Tea Farms

The Magwa and Majola tea farms in the Eastern Cape have been ranked among some of the world’s biggest exporters of tea after being revived less than a year ago.


Late last year, the Magwa and Majola tea farms received an intervention from government to help stabilise the companies and revive them from the dire straights they were in. For years, operations at the estates in Lusikisiki and Port St Johns were in crisis.

Workers were going months without getting salaries. That is why the provincial government was forced to intervene. The provincial government employed a business rescue practitioner to assess the two estates and come up with solutions to help repair the situation.

Rural Development and Agrarian Reform MEC Mlibo Qoboshiyane had his department inject R45-million into the businesses to help turn them around. His department worked on managing the funding correctly and it was a great success.

“We feel uplifted. The local economy is uplifted,” ECRDA chief executive Thozi Gwanya said.

“A lot of achievements have been made the last couple of months and one is that we have been named the second-best producers of tea in the world.”

A report from Span Africa confirmed that the South African tea estates were currently ranked second. India came in first and Kenya third.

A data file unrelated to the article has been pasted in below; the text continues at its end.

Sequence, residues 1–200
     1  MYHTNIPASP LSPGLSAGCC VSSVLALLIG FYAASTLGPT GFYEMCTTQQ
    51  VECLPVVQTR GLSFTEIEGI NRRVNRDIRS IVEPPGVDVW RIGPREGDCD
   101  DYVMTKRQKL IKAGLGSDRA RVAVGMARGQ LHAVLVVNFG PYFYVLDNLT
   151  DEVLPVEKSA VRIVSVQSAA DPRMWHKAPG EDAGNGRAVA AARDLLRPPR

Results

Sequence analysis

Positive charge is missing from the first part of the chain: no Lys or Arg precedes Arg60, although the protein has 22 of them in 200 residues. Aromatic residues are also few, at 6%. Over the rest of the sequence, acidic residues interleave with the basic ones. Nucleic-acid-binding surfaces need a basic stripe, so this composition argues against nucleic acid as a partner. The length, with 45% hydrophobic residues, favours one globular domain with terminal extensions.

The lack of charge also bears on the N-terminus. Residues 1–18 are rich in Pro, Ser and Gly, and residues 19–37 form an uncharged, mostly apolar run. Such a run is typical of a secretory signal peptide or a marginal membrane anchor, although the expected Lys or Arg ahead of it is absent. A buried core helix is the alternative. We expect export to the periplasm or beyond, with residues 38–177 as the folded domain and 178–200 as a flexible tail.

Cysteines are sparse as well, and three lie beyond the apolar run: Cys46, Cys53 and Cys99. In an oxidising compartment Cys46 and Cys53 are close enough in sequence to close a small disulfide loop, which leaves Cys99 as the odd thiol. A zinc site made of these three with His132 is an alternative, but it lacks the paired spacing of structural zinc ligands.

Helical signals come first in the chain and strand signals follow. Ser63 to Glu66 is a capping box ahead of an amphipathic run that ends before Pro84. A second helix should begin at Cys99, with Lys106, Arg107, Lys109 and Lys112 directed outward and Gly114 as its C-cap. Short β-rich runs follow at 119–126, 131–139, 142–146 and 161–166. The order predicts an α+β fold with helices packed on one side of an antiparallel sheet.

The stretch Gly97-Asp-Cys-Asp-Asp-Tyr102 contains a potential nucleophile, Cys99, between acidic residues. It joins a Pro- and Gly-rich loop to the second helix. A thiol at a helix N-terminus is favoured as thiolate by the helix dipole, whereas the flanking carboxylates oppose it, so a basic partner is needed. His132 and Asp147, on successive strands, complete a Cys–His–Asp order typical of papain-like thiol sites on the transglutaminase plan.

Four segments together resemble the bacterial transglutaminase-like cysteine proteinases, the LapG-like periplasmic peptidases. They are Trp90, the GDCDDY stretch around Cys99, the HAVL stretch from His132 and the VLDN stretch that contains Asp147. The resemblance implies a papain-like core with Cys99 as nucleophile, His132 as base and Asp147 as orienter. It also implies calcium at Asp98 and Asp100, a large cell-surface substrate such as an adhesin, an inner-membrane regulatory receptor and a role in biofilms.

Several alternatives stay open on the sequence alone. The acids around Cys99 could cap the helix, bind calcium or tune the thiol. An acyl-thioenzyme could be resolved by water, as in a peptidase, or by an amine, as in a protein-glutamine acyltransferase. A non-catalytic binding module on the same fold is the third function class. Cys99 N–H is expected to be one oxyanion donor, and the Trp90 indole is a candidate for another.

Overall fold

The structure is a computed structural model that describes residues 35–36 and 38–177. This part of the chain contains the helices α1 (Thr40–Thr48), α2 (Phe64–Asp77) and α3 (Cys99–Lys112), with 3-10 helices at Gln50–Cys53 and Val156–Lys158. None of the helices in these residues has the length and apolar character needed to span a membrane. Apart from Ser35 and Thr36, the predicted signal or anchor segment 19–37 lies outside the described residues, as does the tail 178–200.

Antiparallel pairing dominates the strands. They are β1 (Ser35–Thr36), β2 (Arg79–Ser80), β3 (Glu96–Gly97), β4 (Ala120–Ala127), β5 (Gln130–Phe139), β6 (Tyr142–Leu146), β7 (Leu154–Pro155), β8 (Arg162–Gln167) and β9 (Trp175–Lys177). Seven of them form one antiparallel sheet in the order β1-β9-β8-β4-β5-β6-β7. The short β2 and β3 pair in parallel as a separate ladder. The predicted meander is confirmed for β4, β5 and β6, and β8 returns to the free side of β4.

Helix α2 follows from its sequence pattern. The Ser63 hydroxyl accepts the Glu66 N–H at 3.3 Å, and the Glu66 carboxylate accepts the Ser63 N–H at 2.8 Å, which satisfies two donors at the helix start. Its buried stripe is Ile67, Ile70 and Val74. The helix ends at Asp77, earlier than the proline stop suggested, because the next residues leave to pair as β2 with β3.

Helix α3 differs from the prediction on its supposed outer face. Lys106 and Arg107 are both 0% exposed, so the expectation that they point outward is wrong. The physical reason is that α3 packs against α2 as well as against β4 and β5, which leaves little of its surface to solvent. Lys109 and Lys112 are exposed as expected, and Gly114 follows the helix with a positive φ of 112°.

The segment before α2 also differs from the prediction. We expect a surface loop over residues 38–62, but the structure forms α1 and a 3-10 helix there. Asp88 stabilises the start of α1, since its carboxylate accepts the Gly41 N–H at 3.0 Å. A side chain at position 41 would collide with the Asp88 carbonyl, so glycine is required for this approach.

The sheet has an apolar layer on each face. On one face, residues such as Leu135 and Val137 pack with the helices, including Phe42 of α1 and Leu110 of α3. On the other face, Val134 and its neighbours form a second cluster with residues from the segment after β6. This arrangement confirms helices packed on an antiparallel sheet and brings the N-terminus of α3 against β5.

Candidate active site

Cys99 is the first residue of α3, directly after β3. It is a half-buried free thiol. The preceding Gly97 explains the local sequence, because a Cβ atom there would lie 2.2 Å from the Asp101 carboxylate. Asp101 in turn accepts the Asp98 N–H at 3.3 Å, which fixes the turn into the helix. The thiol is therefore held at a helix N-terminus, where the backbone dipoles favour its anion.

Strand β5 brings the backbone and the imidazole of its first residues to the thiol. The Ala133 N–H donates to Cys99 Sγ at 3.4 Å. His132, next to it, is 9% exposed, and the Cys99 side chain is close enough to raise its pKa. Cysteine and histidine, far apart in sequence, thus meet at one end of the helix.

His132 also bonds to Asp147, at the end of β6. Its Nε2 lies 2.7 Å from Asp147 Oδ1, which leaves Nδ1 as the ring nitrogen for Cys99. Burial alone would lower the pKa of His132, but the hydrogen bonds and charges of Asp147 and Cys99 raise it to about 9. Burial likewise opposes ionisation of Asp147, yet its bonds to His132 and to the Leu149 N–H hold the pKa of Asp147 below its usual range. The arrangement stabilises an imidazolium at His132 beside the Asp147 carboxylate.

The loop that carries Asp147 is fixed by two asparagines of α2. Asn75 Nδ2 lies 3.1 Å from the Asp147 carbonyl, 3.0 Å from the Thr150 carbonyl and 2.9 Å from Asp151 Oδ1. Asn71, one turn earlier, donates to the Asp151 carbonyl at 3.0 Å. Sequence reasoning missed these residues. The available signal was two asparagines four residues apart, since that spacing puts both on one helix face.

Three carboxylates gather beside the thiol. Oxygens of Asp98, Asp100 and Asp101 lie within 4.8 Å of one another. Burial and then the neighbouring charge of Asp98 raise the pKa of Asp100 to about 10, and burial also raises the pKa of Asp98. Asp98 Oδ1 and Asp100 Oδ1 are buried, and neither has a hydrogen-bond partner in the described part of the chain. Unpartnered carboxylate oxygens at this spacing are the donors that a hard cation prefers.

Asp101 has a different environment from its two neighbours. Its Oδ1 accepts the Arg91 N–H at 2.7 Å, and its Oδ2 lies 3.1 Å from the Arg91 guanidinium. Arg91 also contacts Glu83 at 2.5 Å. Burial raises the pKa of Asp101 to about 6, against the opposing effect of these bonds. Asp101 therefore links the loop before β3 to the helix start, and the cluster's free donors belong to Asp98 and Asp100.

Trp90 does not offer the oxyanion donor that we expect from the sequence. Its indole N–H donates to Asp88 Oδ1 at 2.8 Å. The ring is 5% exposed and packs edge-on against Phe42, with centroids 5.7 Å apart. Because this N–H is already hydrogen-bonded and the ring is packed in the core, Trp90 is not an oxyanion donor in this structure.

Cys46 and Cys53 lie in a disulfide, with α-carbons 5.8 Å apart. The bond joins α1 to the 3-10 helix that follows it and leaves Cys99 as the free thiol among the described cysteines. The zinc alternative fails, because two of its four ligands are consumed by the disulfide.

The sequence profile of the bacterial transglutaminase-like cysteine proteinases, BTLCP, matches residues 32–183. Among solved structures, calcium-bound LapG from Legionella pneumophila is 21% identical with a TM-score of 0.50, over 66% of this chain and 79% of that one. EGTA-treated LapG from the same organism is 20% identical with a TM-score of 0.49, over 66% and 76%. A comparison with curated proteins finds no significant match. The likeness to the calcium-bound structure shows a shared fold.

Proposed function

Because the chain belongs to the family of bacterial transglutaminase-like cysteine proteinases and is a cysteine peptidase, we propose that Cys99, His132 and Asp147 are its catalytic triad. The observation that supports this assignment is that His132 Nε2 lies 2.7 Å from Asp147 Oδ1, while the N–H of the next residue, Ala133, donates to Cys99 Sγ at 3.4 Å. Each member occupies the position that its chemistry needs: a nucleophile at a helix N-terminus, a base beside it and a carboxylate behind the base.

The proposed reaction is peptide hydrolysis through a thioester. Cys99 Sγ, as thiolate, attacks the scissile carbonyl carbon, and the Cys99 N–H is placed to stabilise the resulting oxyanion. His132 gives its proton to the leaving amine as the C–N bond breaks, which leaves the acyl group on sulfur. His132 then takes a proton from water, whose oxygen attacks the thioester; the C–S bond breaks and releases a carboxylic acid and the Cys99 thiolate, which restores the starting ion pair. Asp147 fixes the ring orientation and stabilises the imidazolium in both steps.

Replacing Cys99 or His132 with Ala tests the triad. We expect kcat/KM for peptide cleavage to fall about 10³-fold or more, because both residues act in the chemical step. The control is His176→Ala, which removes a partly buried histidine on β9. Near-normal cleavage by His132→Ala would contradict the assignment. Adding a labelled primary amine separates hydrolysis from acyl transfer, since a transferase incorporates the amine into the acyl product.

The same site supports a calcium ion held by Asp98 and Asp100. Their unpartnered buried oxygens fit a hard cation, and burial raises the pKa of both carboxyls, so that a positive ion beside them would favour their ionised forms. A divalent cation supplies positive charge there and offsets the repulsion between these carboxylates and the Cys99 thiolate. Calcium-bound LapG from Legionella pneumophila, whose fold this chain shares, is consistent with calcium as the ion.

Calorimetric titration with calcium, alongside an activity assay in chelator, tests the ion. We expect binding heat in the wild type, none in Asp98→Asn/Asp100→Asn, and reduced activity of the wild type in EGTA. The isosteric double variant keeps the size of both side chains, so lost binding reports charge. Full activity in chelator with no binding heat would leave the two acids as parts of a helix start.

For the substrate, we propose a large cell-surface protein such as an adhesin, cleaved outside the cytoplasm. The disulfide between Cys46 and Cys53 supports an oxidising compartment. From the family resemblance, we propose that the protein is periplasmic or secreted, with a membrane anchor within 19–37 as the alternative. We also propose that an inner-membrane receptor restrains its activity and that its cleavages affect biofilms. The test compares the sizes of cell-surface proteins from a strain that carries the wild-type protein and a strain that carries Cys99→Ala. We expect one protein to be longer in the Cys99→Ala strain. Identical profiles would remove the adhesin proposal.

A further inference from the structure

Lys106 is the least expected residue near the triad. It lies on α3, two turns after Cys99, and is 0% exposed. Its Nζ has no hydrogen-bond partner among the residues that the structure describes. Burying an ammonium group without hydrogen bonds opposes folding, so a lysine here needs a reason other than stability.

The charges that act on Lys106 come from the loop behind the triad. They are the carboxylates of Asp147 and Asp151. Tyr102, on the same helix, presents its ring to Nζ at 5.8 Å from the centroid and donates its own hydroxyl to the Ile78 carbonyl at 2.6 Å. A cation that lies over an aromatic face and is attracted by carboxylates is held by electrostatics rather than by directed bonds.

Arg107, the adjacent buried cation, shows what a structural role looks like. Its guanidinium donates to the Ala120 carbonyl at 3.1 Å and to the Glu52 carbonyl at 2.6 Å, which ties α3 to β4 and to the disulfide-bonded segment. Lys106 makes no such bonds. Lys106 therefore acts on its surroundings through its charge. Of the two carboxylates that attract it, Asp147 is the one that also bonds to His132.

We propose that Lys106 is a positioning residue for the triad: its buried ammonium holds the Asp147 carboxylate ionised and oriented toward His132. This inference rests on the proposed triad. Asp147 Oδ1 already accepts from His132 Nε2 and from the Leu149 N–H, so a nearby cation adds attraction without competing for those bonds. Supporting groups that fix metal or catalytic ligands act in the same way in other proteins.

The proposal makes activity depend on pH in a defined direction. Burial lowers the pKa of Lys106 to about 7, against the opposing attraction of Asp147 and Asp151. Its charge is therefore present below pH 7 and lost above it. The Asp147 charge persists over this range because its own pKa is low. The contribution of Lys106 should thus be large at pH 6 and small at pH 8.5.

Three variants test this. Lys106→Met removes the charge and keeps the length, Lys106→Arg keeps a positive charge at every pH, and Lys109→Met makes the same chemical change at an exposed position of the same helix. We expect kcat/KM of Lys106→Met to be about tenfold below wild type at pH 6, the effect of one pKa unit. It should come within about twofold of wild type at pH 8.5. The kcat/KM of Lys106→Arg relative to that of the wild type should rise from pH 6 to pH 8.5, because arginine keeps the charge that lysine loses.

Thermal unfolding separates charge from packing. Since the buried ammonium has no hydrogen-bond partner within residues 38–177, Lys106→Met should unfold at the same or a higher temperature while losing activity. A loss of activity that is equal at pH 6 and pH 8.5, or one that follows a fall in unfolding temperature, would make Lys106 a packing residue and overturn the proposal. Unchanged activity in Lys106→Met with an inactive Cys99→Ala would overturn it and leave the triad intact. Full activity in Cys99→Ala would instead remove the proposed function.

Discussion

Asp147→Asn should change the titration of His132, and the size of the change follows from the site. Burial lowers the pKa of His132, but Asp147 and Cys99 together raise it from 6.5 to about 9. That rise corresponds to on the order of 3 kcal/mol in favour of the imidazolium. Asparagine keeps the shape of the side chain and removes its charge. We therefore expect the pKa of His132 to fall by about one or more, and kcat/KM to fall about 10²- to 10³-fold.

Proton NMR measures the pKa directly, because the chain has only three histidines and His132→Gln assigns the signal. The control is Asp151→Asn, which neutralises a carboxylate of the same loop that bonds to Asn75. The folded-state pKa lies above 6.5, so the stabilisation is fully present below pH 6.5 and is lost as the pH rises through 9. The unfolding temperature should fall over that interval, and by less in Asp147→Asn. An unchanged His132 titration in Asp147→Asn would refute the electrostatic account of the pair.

The two tea farms are being merged into one functioning farm. Together they have harvested more than 330 tons in the last seven months, with the projected income at about R7.5-million.

MEC Mlibo Qoboshiyane visited one of the estates recently to share the exciting news and was very happy to see the people working there.

“We are happy for the workers, who now get paid monthly. Many had lost hope when there was no plan, trees were overgrowing, there was no pruning, no fertiliser, and no direction at all before we came in to help but now they are working.

“We congratulate them for their contribution in the revival of the estates and we hope they will look after these jobs because there are many people who are unemployed,” Qoboshiyane said.

“I am happy because business rescue and not liquidation was a good decision and the money we asked the legislature for this work is paying off.

“We are pleased to see retailers interested in buying some of the tea from these villages. The factory is working well and the tea plantations are showing quality.

“We also want to diversify crops planted here, invest in agro-tourism to tap into the Magwa Falls and use the golf course and the lodge in the estate.”

Rural Development MEC Mlibo Qoboshiyane (far right) poses with workers at the Magwa tea estate.

Sources: Herald Live
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About the Author

Tyler Leigh Vivier is a writer for Good Things Guy.

Her passion is to spread good news across South Africa with a big focus on environmental issues, animal welfare and social upliftment. Outside of Good Things Guy, she is an avid reader and lover of tea.

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